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Outlook 2018: Insights on ... food and beverage

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The food and beverage industry in New Jersey is abuzz with optimism. The industry leaders we spoke with suggested a good economic climate fueled by strong employment conditions will increase consumer spending this year on food and beverage sales throughout the state and country in a way not seen in 2017.

 And while the president of the New Jersey Food Council said that plant-based, unprocessed “clean” diets are on the rise in 2018, Campbell Soup Co.’s latest TrendScape report suggested that meat still matters, specifically manifested in unique butcher cuts, exotic game and without antibiotics.

Perhaps they would agree on the growing popularity of herbs and spices such as ginger, hibiscus, lavender, mint, and cardamom, which Campbell notes bring plant-based flavor profiles to food across the board.

Here’s what a cross-section of executives in the food sector foresee for 2018:

Tom Cosentino, Garden State Wine Growers Association.
Tom Cosentino, Garden State Wine Growers Association.


Executive Director, Garden State Wine Growers Association

The Garden State Wine Growers Association looks ahead to 2018 with great anticipation as we believe this could be the biggest year yet for New Jersey’s wine industry. We have made great strides over the past few years and 2017 was quite successful with the launch of a branding campaign, our first ever statewide television commercial and launch of our online “At the Vineyard” television show, as well as the national recognition our wines continue to receive.

We think with a new administration taking office and the bipartisan support we have had in the Legislature, we can move some additional pieces of legislation that will allow our industry to grow and prosper. We also want to see New Jersey wines incorporated more into restaurant menus.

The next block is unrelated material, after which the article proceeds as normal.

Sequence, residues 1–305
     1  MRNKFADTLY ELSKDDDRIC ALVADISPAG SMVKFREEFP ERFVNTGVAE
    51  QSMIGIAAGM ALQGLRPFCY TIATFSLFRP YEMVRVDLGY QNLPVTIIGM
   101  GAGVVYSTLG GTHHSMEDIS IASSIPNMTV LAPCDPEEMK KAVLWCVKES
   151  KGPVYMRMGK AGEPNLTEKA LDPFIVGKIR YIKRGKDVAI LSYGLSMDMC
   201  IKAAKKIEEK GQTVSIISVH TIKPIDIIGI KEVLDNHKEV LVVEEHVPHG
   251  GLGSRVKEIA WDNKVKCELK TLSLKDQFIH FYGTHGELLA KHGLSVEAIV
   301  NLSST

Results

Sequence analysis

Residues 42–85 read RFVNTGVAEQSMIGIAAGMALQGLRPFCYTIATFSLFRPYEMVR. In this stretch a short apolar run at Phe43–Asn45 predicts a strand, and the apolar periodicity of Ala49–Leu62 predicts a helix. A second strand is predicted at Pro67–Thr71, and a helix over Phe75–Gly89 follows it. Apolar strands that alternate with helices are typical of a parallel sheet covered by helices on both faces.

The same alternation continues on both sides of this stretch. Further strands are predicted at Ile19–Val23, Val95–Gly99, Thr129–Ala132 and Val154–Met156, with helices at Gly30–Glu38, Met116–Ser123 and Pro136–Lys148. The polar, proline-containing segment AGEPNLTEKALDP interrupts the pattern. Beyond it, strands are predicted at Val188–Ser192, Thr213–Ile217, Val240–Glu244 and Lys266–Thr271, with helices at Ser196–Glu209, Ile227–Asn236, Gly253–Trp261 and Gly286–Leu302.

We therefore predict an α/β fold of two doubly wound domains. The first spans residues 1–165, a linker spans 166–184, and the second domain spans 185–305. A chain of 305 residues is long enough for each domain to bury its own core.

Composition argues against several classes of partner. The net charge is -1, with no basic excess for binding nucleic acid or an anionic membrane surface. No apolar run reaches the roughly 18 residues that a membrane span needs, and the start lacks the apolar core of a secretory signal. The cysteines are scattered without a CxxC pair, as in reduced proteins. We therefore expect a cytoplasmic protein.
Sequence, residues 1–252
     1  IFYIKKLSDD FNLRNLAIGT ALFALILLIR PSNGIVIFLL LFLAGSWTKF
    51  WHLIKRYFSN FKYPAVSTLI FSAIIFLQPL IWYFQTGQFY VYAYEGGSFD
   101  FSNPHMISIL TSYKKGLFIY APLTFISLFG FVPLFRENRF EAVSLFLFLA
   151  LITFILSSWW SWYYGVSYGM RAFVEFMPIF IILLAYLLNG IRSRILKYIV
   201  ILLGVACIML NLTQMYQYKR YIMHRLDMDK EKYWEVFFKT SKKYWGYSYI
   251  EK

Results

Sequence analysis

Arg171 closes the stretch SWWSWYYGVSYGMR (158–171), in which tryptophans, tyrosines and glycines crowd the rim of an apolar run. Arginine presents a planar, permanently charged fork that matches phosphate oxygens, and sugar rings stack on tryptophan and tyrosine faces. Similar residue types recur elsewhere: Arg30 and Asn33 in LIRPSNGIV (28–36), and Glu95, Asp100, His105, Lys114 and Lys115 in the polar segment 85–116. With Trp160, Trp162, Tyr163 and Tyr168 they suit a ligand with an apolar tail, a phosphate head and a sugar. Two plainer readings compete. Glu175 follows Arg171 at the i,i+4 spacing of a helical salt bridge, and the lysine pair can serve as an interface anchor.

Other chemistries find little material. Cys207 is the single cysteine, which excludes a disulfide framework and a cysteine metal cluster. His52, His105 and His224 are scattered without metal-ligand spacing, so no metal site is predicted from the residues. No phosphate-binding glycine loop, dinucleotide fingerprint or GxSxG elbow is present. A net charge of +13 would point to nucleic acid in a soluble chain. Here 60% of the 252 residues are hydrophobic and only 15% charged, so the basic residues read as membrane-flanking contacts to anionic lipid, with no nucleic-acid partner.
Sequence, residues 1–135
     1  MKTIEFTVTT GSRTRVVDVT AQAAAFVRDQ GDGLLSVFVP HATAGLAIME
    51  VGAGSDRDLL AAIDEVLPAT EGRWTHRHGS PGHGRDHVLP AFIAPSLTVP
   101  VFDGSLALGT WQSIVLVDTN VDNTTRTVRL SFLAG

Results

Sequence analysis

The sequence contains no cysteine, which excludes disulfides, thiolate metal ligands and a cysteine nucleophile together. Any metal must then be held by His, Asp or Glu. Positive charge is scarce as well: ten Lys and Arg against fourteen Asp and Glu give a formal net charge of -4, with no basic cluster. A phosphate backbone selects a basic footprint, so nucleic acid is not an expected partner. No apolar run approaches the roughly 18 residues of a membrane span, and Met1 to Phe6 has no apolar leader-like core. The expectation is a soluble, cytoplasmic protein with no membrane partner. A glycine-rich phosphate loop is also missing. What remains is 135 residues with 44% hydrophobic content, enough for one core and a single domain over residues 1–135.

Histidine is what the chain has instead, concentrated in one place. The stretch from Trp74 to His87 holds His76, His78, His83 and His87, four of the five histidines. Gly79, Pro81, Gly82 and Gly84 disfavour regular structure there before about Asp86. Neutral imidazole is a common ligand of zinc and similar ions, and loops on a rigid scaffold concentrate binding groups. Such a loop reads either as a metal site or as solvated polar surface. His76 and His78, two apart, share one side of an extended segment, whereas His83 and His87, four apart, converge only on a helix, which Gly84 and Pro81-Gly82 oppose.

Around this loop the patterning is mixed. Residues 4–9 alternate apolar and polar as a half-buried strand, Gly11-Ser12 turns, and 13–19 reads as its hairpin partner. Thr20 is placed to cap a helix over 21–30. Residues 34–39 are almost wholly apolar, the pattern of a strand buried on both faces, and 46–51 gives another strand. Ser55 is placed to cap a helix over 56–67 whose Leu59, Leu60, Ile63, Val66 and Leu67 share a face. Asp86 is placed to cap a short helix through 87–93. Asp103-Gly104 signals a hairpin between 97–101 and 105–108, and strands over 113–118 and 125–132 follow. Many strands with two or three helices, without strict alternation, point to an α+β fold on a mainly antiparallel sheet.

There are no direct threats to our industry other than funding. We rely on state grants to fund most of our marketing efforts. We’d like to see more funding available to allow us to market the New Jersey wine industry to as broad a base as possible. Our wineries play a major role in driving local tourismand we feel we can play an even larger statewide role in 2018 by working together with the administration and tourism.”

Bob Weinmann, RDD Associates.
Bob Weinmann, RDD Associates.


Vice President of Marketing & Strategy, RDD Associates (independent sales and marketing agency focused on merchandising)

“I'm expecting a strong, bounce-back year for food and consumer packaged goods retailing in the New Jersey suburban marketplace, after a sluggish, marginally eroded sales base in 2017. Why? Strong employment conditions with increasing confidence fueling increased spending; tax-cut withholding reductions pumping millions into consumers' bank accounts; and traditional supermarket operators honing their strategies and programs to more effectively compete with e-commerce retailers.

The opportunity is to grab more than your fair share of the increased liquidity in the consumer marketplace, while the threat is to miss this chance and cede growth to your more savvy competitor.